In February of 2000, we were blessed with healthy twin girls, Olivia and Sydni. Never in my life would I have suspected that a short two and a half years later our lives would change so much.
Janice and I met in grade three-in the world of sleepovers and recess, smelly felts and sports days. We grew up together and then each went our separate ways, but through the magic of Facebook reconnected a few years ago. A little while ago Janice posted a picture of her girls, each holding an insulin pump and a word that expressed how they felt about the fact that not one, but BOTH of them have Type 1 diabetes. Inspired by that photo, and I asked Janice if she'd like to share her story here in the Cookie Jar and coincidentally, Nov. 14 is World Diabetes Day!Janice and her husband Alex with their twins, Olivia and Sydni
Fast forward two years. Olivia was beginning to develop a bit of a cranky disposition. Up until this point there really hadn't been much difference in the girls. Olivia would start to get tired and whiny when going for walks. She was starting to regress slightly with regards to potty training, as she was beginning to have accidents at night. We took a trip to visit a friend in Prince George, and I recall apologizing to her for Olivia's mood swings. Little did I know what was happening to her poor little body.
Two short days after our trip, Olivia awoke very early in the morning with labored breathing and looking for anything she could drink. II decided a trip to the hospital was surely warranted by this point. Upon arriving at the hospital, I was either in a serious case of denial or such in my own calm survival mode that I was really unaware of how serious this all was. The nurse, who I truly call our angel, took Olivia from my arms outside of emergency. She knew immediately. She could smell it on her breath. She passed on her suspicions to the doctor on call.
I was told that my daughter was Type 1 diabetic.
Huh? All that I knew about diabetes was that a girl in my Grade 4 class had to go get a sugar cube every now and again. Olivia was in DKA, or Diabetic Ketoacidosis. Her body was so full of sugar and with no where for it to go, was becoming toxic. She was very dehydrated and her body was beginning to shut down. After many failed attempts to get her an IV line, the staff at our small town hospital decided to fly up a pediatrician from Children's Hospital.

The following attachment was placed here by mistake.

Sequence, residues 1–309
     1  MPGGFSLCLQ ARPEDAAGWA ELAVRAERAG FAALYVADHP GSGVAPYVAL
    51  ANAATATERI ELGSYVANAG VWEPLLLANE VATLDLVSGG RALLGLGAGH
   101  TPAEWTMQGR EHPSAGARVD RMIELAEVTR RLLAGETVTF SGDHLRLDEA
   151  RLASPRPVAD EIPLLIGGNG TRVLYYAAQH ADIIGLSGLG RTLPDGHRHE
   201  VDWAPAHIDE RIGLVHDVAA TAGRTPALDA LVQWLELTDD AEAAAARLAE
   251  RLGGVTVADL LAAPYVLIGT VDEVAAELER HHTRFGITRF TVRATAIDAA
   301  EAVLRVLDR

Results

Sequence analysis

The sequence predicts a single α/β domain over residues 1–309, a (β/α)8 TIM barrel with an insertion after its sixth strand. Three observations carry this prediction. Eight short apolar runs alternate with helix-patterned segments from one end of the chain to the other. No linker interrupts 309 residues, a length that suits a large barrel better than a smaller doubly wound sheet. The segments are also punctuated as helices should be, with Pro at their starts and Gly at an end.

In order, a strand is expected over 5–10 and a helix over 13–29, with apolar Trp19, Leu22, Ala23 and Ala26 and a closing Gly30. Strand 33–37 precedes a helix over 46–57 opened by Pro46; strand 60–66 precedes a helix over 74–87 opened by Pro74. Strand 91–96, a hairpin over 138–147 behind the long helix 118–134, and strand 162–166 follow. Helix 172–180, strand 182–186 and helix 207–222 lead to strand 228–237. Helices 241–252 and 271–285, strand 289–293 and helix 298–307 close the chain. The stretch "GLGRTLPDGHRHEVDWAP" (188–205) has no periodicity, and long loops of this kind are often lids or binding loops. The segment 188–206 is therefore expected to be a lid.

I truly did not know the seriousness of diabetes or the state that Olivia was in when she was brought in to the hospital. After an initial critical 24 hours, Olivia was stabilized and we were trained in the art of caring for a child with diabetes. It was up to us to draw up her insulin and administer it 2+ times a day. It was up to us to restrict her eating and measure out her portions. This was not what I signed up for. Our lives were forever changed in an instant and would never be the same.
We did what was necessary. We didn’t like it, but we did it. We listened to friends and acquaintances say how they 'could never give their child needles'. They would if it meant keeping their child alive! Because Olivia was on injections of insulin, her meal times had to be timed and the amount of food she ate was precise. A simple trip to the grocery store where the baker would offer the girls a cookie became heartache for everyone when we had to say no because it wasn’t time for Olivia to eat. People don’t always realize how many times children are offered goodies. We would often take them home and save them for meal times when we could balance it with their insulin. Being with friends and watching their children eat whatever, whenever they felt brought about feelings of bitterness and anger towards the disease. Olivia’s twin was on the same mealtime regimen as Olivia by default.
3 years later that situation sorted itself out, and at the age of 5 Olivia's twin started peeing the bed. Sydni just didn’t do that.... and I knew. The next day I did a blood check with Olivia's meter and it came back high. NOT what you want to see. I took her in to the hospital. She was the 'healthiest' diabetic they had every diagnosed, thanks to our early detection of the symptoms. Olivia cried. She didn't want her sister to be diabetic. She knew what her twin was in for. By this point we were checking blood sugars 8-10 times a day, and giving insulin shots up to 6 times a day.
Diabetes? Slow these two down? Not likely!
Diabetes has changed so much in the past 6 years since Olivia was first diagnosed. We have learned that by counting carbohydrates in foods we are better able to manage blood sugars. We balance the amount of carbs eaten with insulin.